Edgar teamed up with UFC in 2007, thrusting the still-green fighter into three fights that year, the first against Tyson Griffin at UFC 67. He won by unanimous decision. Next, a Round 1 knockout of Mark Bocek at UFC 73. Edgar capped his breakout year with another unanimous win over Spencer Fisher at UFC 78, 5 months later. And the wins kept coming. In fact, only one fighter has given Frankie fits, Gray Maynard, Edgar's only loss and draw in the UFC.

"Frankie is one of the most accomplished fighters in the history of our sport," UFC chief Dana White said. "He has been at the top of his game for a long time and that's why he's champion. He's a smart, scrappy fighter and he's got that East Coast kick-the-[stuff]-out-you mentality."

 

'We just clicked'

Renee Edgar likes to think she met her husband by coincidence, that it was a moment of perfect timing. But one look at their timeline and it's hard not to argue fate played a role in their pairing.

The two were in the same kindergarten class and remained tied by some way or another throughout their lives. By the time they were both classmates at Toms River High School East, they were friends and could have been more except . . .

"He was a cutie so he always had a girlfriend," Renee said. "We just both were never single at the same time, but we had the same high school friends and we remained close. But I was about 19 and we were both starting our freshman year at college and just starting liking each other."

Edgar married Renee 10 days after his first loss to Maynard at UFC Fight Night in January 2008. The couple soon after had Francesco, better known as Frankie Jr. In turn, Frankie Edgar the fighter also became Frankie Edgar the father and husband. But it's hard for Edgar to imagine himself with anyone else. Renee has been his source of strength in a profession he claims can get pretty lonely at times.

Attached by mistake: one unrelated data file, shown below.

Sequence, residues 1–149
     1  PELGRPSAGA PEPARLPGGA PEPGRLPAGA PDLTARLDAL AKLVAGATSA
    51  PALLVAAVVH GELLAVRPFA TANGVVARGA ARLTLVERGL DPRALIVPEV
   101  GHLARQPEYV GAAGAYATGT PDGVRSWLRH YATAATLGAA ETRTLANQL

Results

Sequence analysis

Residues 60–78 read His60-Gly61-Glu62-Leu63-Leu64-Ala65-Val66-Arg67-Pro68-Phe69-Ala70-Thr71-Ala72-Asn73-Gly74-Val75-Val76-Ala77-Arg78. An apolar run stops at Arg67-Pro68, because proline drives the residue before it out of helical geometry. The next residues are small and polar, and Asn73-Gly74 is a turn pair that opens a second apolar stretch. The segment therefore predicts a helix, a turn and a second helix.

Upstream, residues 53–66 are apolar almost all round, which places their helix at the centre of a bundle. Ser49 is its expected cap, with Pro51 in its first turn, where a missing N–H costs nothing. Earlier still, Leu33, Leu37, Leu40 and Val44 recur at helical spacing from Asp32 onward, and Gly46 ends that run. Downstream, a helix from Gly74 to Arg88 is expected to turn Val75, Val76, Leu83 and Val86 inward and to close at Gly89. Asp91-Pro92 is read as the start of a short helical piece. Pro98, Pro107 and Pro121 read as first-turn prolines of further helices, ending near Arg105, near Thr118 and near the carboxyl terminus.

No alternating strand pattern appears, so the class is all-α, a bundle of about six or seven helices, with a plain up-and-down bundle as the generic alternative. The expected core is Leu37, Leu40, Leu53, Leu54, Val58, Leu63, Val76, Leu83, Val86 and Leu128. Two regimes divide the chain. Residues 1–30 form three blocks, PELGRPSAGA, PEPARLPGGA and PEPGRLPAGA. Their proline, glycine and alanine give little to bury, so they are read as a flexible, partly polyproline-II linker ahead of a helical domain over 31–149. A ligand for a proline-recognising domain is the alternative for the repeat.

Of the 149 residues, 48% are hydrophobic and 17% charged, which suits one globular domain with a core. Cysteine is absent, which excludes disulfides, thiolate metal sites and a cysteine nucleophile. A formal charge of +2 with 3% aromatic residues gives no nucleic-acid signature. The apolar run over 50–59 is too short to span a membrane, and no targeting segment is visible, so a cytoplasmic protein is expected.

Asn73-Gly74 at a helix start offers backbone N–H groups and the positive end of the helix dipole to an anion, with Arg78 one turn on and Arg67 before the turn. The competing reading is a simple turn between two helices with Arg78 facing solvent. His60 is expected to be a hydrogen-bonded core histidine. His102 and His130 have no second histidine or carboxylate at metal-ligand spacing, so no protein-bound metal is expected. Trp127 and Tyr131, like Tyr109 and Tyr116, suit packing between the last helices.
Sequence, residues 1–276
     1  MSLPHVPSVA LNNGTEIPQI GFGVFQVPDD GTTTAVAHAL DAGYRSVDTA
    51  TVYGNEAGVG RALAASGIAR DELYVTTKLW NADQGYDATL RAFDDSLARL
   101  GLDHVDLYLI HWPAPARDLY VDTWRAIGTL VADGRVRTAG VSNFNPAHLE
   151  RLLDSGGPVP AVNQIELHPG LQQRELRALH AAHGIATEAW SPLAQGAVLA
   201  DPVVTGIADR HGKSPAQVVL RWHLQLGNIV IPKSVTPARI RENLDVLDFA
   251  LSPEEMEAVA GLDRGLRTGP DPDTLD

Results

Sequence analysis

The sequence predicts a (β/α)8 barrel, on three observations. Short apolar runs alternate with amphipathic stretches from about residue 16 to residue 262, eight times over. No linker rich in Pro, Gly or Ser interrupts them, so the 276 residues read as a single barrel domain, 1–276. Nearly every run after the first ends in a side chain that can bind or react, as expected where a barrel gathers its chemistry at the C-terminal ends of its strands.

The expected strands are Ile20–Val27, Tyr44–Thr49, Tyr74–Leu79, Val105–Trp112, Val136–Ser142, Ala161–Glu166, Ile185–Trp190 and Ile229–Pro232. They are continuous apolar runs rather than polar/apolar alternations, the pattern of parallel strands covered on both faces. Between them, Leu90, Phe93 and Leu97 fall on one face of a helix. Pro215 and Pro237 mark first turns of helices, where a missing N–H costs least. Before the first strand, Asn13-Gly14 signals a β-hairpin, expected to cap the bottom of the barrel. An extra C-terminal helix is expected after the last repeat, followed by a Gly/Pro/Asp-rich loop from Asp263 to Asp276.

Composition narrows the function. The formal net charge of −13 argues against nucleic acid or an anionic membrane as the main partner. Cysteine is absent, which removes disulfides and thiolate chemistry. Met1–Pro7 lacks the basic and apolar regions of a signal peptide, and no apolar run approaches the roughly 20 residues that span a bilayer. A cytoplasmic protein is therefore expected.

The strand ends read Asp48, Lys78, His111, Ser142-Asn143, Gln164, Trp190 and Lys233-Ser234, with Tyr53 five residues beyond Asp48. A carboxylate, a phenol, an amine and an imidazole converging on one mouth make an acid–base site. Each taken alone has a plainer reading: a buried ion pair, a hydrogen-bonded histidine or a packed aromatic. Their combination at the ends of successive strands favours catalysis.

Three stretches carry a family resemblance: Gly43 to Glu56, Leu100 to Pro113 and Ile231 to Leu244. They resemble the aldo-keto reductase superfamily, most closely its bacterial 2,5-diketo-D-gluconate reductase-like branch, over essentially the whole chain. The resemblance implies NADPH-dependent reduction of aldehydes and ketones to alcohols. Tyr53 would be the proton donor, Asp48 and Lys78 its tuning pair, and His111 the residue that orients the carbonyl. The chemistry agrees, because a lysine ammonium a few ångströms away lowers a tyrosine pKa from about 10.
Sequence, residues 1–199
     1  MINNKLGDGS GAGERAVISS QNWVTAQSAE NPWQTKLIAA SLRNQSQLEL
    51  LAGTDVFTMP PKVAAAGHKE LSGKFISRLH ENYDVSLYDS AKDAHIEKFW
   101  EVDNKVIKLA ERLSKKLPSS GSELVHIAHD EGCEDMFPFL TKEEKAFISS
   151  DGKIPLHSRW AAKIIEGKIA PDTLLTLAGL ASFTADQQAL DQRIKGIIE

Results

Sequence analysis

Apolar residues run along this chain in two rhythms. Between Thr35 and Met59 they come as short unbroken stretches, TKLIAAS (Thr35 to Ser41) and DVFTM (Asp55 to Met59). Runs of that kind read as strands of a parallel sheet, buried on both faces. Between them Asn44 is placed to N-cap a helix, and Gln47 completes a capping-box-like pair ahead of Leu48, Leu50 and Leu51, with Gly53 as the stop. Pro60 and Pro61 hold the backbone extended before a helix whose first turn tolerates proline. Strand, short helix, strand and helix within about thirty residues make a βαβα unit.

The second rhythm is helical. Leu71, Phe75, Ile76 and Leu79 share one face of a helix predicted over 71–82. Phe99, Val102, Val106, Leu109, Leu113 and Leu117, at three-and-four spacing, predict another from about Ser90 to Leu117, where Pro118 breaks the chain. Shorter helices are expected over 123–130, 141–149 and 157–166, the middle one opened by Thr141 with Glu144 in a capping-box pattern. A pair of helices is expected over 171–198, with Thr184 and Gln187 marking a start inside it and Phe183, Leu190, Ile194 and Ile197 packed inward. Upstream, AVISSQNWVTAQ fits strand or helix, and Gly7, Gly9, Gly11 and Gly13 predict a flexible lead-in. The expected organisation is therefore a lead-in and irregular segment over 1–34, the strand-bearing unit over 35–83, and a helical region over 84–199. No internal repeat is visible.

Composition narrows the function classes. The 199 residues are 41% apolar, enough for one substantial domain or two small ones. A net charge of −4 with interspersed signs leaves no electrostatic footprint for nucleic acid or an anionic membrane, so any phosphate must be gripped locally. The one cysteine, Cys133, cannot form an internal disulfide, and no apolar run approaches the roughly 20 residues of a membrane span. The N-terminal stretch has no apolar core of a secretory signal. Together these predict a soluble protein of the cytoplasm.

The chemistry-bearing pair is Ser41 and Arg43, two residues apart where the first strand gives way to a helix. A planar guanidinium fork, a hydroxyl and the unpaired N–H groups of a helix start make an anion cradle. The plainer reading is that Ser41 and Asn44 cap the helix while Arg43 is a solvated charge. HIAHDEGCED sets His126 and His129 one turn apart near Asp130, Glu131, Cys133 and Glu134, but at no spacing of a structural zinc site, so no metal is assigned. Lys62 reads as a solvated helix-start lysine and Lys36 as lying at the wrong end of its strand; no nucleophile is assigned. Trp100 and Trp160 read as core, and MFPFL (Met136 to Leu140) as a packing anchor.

"I truly feel like I've never gone through this journey by myself and this can be a lonely sport. It's all on you when you are in there and you are pushing yourself to the limit," Edgar said. "I drive all over, I'm here in [Hamilton] or I'm driving to [New York City] or I'm driving to train in Philly and you spend a lot of that time solo. But to have someone to share it all with makes it easier. She's been with me since college as far as me competing. She knows how to handle me and how much this means to me and it's great to share this with her."

Renee has yet to miss one of her husband's fights. On Tuesday, she kissed Frankie Jr. and Santino goodbye at her mother's residence and boarded a plane to be with Frankie in Japan. Though she loves sharing his success, while in the moment Renee admits it isn't something she particularly enjoys.

"I am a train wreck on fight night, a mess," Renee said. "I mean, keep in mind we are two kids later into this, it can be nerve-racking. I mean he's broken his nose a ton of times, so that's no big deal anymore, but I don't want it to be more. But when it's over, I am really happy for him. He has always been very determined and he deserves everything he gets."

 

Stuck in the moment

Sitting on the royal blue mats at Almeida's Jiu-Jitsu Academy, legs straddling his opponent, Edgar takes one last look at his instructor before applying the "seat belt" to his partner.

Instinctively, his partner drops his hands to loosen Edgar's grip on his sternum. Edgar digs his chin into the top of his partner's shoulder as he drives his hips over and goes to the mount. His partner's neck exposed, Edgar quickly changes his grip, now one arm under his partner's armpit and the other around his neck, feverishly attempting to wrap and drive his legs around the waist and thighs of his prey.

Rolling to his back, he has the move applied. Rear naked choke. Enough pressure and within seconds his partner taps, signaling Edgar completed the move to near perfection. Almeida gives a glancing smile of approval. Edgar flashes a quick look of gratification before it becomes his partner's turn to try his luck on the current lightweight champion.

It's one move in hundreds of combinations and variations Edgar is on his way to perfecting.

But he's not there yet.

"I'm always kind of stuck in the moment, I really never think of my career from then until now," Edgar said. "Even Ricardo tells me I need to 'step back and take it all in because it's not going to last forever.' But the person I am, always so goal-driven looking towards that next fight because I want to win so bad, sometimes I do lose sight of the fact that, yeah, my career has been pretty awesome so far. If it ended today, I can honestly say it's been great."